AT&T is contributing $15,000 to the Cass County Community Foundation (CCCF) to enable the organization to continue supporting student robotics teams from four area schools, according to a press release.
The robotics programs at Caston, Lewis Cass, Logansport and Pioneer have more students wanting to compete than they have resources, according to the press release. AT&T’s Aspire funding will help address that challenge, as it will be used to purchase additional competition equipment for the high schools’ teams.
“Robotics programs offer real solutions for truancy and delinquency and give students a sense pride and accomplishment,” State Sen. Randy Head said in a statement. “They even help keep kids on track to graduate and introduce them to STEM (science, technology, engineering and math) careers that they may not have explored before. It’s great to see AT&T supporting these efforts.”
“The life skills, problem-solving and teamwork learned in robotics are an undeniable testimony to the value of these programs,” said Cass County Community Foundation President and CEO Deanna Crispen. “As local interest in robotics continues to grow, this AT&T Aspire grant could not come at a better time.”
“We are very excited about the opportunity to help the foundation continue to boost STEM-related efforts in this region,” said AT&T Indiana President Bill Soards. “Our company has a long heritage of not only supporting communities, but also students. Working with the foundation allows us to bring those areas together in a unique and powerful way.”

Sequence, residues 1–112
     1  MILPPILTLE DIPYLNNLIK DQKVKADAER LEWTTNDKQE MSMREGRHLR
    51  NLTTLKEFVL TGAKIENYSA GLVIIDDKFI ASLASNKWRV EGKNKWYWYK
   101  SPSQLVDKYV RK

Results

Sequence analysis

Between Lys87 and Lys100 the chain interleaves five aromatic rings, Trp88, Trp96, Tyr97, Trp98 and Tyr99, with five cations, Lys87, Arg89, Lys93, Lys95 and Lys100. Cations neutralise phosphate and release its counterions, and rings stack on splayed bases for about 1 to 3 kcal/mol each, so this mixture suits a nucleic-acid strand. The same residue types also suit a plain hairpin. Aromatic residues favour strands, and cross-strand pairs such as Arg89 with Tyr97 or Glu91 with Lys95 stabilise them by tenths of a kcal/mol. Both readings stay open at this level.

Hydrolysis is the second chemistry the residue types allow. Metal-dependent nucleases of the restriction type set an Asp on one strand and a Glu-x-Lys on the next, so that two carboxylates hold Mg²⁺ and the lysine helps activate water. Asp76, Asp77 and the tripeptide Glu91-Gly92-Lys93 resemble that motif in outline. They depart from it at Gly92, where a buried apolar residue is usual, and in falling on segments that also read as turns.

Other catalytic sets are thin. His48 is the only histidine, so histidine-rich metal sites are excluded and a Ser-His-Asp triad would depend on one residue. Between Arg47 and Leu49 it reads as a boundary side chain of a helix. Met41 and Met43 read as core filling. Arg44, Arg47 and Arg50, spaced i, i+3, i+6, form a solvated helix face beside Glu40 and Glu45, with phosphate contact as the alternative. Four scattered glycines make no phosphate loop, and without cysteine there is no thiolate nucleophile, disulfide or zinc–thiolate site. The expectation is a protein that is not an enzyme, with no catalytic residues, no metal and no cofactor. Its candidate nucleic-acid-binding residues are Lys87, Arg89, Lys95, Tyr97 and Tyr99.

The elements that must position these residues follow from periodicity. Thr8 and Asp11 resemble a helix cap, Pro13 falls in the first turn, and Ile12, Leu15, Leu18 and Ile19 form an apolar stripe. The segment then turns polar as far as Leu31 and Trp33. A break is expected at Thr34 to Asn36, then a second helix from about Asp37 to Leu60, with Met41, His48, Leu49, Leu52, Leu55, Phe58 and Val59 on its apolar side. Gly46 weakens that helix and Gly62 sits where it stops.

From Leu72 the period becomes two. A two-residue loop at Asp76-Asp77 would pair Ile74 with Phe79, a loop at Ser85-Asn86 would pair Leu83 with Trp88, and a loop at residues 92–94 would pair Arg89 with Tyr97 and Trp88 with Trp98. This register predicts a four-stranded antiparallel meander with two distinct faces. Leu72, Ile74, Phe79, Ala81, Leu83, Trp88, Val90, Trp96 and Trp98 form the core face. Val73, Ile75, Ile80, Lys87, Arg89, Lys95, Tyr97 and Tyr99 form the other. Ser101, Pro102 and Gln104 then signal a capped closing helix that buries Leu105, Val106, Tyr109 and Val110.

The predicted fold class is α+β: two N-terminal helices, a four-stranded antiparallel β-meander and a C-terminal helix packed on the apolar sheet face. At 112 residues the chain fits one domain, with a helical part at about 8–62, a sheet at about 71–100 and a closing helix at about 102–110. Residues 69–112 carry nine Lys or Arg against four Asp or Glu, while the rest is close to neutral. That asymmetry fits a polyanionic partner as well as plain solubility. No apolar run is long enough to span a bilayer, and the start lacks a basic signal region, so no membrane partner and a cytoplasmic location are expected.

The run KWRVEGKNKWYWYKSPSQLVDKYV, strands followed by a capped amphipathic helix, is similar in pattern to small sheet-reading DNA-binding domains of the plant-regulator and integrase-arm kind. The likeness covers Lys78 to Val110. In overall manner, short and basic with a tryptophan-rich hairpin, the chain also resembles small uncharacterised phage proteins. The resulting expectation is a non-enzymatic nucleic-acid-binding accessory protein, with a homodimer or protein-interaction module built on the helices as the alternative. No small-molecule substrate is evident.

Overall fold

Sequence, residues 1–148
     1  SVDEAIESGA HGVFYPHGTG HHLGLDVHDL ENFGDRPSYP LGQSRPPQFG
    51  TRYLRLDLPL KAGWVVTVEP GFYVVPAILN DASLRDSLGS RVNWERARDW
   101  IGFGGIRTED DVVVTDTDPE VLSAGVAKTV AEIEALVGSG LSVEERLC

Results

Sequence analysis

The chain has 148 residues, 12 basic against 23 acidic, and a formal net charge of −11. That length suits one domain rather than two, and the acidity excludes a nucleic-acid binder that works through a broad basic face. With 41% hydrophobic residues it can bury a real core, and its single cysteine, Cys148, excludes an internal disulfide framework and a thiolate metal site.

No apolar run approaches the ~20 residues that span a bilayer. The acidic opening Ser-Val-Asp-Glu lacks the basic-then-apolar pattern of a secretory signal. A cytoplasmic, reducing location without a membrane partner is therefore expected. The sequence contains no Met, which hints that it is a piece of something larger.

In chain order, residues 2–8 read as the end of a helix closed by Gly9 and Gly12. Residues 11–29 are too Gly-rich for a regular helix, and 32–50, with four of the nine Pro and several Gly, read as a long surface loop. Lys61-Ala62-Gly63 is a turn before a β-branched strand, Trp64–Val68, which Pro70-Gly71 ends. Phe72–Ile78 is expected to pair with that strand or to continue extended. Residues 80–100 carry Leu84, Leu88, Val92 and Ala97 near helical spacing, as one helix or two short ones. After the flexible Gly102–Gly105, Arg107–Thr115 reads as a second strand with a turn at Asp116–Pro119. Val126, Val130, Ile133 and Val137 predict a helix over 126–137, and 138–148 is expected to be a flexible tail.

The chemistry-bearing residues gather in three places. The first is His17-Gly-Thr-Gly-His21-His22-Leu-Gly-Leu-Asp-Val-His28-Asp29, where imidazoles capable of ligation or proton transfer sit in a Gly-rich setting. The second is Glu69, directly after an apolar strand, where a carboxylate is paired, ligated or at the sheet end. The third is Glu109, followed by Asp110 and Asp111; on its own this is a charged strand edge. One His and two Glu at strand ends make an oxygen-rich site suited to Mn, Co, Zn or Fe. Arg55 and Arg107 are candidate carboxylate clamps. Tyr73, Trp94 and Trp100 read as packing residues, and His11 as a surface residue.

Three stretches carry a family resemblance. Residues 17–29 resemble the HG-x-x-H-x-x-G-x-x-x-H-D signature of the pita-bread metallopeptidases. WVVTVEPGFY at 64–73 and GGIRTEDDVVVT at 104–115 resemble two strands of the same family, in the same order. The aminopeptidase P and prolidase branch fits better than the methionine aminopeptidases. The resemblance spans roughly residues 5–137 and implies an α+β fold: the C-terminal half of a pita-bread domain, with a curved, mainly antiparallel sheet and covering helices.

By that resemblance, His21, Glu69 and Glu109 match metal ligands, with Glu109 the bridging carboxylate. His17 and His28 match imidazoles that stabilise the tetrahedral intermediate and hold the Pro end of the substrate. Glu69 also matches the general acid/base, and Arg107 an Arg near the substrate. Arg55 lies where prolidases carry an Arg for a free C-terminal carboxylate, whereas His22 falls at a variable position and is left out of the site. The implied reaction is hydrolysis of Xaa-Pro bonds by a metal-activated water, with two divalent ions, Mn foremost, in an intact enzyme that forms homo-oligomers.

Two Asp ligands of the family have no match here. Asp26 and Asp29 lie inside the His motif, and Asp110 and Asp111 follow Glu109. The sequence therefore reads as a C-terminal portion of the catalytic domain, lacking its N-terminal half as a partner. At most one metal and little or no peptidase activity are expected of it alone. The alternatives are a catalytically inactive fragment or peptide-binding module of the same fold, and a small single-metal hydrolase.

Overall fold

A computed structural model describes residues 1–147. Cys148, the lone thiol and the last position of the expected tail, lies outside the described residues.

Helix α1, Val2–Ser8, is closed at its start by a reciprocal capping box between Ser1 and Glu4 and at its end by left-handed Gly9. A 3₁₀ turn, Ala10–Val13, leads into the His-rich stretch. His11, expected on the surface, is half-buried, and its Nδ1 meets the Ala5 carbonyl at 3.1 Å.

For the third year at the Cass County 4-H Fair, CCCF has been featuring robotics demonstrations from each school at their booth. CCCF had donation containers for each school’s robotics team set up and will match those donations up to a total of $500 per school.
“We are so proud and excited to continue our support of these young people and the county’s robotics efforts,” Crispen said. “These teams are providing critical training and educational opportunities for students to learn about more than the practical applications. Students learn teambuilding, strategy, communications, programming, and problem solving while building and competing.”
“Last year Cass County had teams qualify and win awards at the state, national and world championships,” Crispen continued. “This success does not happen without community support and dedicated coaches, mentor and volunteers. But, as the success has grown, so has the number of students who wish to participate on robotics teams. We can help provide funding but without more coaches, mentors, and volunteers, the programs cannot grow. For example, last year one of our middle schools had 60 students vying for the 25 spots available on teams. We hope our involvement with the schools at the 4-H Fair will shine the spotlight on these student teams and encourage others to get involved and volunteer.”